Part 1: Don’t Pay More for Less

Companies of all sizes and industries face one common problem: working capital shortages. In the government contracting industry, a common solution to this problem is invoice factoring. Invoice factoring, or the selling of invoices in their full amount to advance the collection of cash, was originally intended as a supplement (not a replacement) for credit financing and was primarily intended for large and well-established firms. For businesses with seasonal revenue, factoring can be used strategically in combination with other methods to remain cash flow positive in down months. However, when applied by small businesses, which typically have smaller invoices, factoring will often culminate in overborrowing and overpaying. Factoring’s fatal flaw lies within the total cost to the borrower; with hidden fees and limited flexibility, factoring is often an expensive and unsustainable remedy for working capital shortages.

Factoring can lead small businesses into a cycle of dependency that proves difficult to escape, constantly factoring new invoices to catch up on the cost of the previous.

Factoring also requires the borrower to sell the entire invoice, which further restrict a borrower’s options. For example, imagine that Borrower A pays monthly expenses of $85,000 and receives payment of one $125,000 invoice per month. Factoring is a tempting option for Borrower A, promising an 8.75 percent APR pitched as a daily rate of .024 percent. If the factoring advance rate is 85 percent, Borrower A will initially receive $106,250 once the invoice is approved, even though they needed just $85,000. However, once the invoice is paid directly to the factoring company, proprietary fees will be deducted. Factoring fees typically consist of discount fees, purchase advance fees, transaction fees, and unused fees which are added together to make up the total cost of factoring the invoice (for more details on factoring fees, see Part 2 of this series). Borrower A will receive a residual payment of approximately $16,885, after fees and interest of $1,865 this is equivalent to an APR of 21 percent.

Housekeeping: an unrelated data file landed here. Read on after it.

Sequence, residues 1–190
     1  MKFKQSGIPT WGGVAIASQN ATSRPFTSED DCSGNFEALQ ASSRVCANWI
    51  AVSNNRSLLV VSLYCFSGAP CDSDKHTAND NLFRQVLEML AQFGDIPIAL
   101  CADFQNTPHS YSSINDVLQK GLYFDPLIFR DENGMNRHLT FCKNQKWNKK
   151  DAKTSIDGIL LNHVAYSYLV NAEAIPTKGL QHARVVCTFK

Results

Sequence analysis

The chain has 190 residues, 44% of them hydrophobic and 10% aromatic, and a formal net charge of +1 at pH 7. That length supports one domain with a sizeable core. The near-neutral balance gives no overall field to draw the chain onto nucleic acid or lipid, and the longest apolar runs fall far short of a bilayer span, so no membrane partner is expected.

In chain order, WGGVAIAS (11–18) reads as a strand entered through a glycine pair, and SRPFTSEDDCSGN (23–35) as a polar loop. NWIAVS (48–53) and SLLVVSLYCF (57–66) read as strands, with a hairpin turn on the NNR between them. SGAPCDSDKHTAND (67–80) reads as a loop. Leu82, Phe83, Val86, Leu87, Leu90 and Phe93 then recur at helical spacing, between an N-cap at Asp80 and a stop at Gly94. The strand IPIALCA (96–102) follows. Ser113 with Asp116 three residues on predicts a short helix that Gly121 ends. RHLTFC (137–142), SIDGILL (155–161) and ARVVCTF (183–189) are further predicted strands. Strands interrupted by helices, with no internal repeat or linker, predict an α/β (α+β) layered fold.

Given the true cost and inflexibility of factoring, small businesses should search for a more adaptable and affordable solution.

Borrower B, on the other hand, opts to use a revolving line of credit. Whereas Borrow A’s actual annual interest rate is larger due to a hidden set of monthly fees, Borrower B’s interest rate is transparent. Borrower B only borrows what is necessary to pay the monthly expenses, regardless of when the invoices get approved or paid; as payments flow in, the balance reduces along with the interest expense. Borrower B can draw on the line as they incur expenses throughout the month, while Borrower A is forced to borrow everything upfront. Even in Borrower B’s worst-case scenario, if the $85,000 is outstanding for the full 30 days at a competitive APR of 14 percent, or 1.17 percent per month – this would cost Borrower B $990 plus the annual 1 percent commitment fee (an annual fee for the on-demand access to the entire facility ceiling for the full 12-month period), which is spread over the 12-month loan at $200 per month. Once paid, the line reaches $0 and no more interest accrues until the next borrow. Compared to the cost of factoring, Borrower B saves nearly $700 in a single month, and $8,400+ annually.

Given the true cost and inflexibility of factoring, small businesses should search for a more adaptable and affordable solution to working capital shortages. In Part Two of The Perils of Factoring, we take a deeper look into the monthly costs of factoring compared to a line of credit.



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